Ontario man sentenced to jail for illegal importation of endangered reptiles

June 8, 2017 – Fredericton, New Brunswick – Environment and Climate Change Canada

Grigori Zaharov, from Thornhill, Ontario, has been sentenced in Fredericton Provincial Court to concurrently serve two three-month jail terms after pleading guilty to one count of importing an animal, without the necessary permits, and to one count of exporting an animal from Cuba, without the proper authorization. Both acts were in contravention of the Wild Animal and Plant Protection and Regulation of International and Interprovincial Trade Act.

On September 17, 2016, Mr. Zaharov and a companion were intercepted by Canada Border Services Agency officers after returning on a flight from Cuba with two iguanas and failing to declare the animals when completing their Canada Border Services Agency declaration card. Environment and Climate Change Canada enforcement officers identified the animals to be two Cuban rock iguanas (Cyclura nubila). The species is listed in Appendix I of the Convention on International Trade in Endangered Species of Wild Fauna and Flora. Mr. Zaharov did not present permits to the officers for the export from Cuba or for the import into Canada.

Environment and Climate Change Canada enforces federal laws that conserve and protect wildlife, and it works closely with other federal, provincial, territorial, and international agencies (in this case, the Canada Border Services Agency and Cuban authorities) to detect violations and take enforcement action.

Quick facts

  • In Canada, Environment and Climate Change Canada is the lead department responsible for implementing the Convention on International Trade in Endangered Species of Wild Fauna and Flora, an international agreement between governments, which aims to ensure that international trade in specimens of wild animals and plants does not threaten their survival. The Wild Animal and Plant Protection and Regulation of International and Interprovincial Trade Act is the legislation used to implement the Convention.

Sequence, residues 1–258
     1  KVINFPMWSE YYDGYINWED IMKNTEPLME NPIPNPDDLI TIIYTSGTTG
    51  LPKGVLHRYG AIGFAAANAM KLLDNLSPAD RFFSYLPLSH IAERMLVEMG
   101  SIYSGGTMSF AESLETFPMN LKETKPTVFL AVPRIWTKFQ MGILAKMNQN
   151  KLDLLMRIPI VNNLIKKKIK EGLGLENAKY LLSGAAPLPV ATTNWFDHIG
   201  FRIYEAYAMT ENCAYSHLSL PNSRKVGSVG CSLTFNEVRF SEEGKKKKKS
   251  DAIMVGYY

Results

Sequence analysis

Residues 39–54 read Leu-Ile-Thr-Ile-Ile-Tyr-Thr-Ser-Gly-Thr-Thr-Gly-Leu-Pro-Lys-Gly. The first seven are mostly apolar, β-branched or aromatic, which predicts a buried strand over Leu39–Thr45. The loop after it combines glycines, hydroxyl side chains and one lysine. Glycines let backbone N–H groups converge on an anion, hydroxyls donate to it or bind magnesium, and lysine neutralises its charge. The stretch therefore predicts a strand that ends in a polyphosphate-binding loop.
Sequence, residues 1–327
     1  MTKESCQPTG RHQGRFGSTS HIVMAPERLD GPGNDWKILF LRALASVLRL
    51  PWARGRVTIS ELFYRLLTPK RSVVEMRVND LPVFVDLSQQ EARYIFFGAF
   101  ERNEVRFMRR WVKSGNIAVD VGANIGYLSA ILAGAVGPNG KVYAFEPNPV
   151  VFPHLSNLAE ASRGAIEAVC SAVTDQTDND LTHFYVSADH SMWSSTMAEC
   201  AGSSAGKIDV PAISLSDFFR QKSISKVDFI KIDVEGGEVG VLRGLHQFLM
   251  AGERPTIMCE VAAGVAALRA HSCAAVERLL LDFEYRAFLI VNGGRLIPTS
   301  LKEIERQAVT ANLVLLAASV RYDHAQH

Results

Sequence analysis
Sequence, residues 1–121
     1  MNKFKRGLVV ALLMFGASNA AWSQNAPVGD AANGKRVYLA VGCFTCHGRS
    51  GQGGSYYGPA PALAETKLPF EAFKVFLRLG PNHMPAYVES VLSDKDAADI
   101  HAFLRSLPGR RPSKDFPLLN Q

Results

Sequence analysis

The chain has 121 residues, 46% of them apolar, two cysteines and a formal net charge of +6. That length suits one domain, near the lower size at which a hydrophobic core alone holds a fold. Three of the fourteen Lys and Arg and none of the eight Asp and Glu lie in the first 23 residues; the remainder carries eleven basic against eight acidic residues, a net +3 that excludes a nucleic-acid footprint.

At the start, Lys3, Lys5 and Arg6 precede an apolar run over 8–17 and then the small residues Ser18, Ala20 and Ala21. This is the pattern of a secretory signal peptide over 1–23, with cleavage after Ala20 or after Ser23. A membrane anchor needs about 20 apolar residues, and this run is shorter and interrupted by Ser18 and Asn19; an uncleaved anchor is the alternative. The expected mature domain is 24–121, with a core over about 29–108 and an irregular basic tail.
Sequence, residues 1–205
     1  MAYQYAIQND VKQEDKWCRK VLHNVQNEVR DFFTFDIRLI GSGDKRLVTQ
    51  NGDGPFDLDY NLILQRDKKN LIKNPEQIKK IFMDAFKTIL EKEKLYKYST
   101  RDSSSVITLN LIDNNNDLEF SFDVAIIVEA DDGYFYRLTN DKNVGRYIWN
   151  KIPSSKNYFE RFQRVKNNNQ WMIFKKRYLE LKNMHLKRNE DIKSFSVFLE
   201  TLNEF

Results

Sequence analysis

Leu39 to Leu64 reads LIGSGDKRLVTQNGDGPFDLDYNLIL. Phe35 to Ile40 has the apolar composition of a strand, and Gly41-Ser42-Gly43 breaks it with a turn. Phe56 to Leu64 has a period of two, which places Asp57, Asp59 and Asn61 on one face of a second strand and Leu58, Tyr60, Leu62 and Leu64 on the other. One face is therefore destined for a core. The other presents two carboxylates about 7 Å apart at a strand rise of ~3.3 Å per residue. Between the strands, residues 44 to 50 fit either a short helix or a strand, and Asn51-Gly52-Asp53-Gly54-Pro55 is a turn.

• Appendix I of the Convention lists species that are the most endangered among the listed animals and plants. Trade in specimens of these species is permitted only in exceptional circumstances. An import permit is required and may be issued only if the specimen is not to be used for commercial purposes primarily and if the import is intended for purposes that will not threaten the survival of the species.
  • Listed wildlife that is imported into or exported from Canada, or attempted to be exported without the required permits, may be seized. Those responsible may be prosecuted and, if convicted, may be liable to fines of up to $150,000 and/or to up to five years in jail.
  • The Cuban rock iguana is one of the world's largest iguanas. Adult males sometimes reach lengths of 1.25 to 1.5 metres and weights of nearly 7 kilograms. As its name implies, the Cuban rock iguana is found in Cuba and its surrounding islands. This species as well as the other members of the Cyclura family are vulnerable due, in part, to habitat transformation and human disturbance, especially on Cuba’s main island.

Contacts

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Environment and Climate Change Canada
819-938-3338 or 1-844-836-7799 (toll free)

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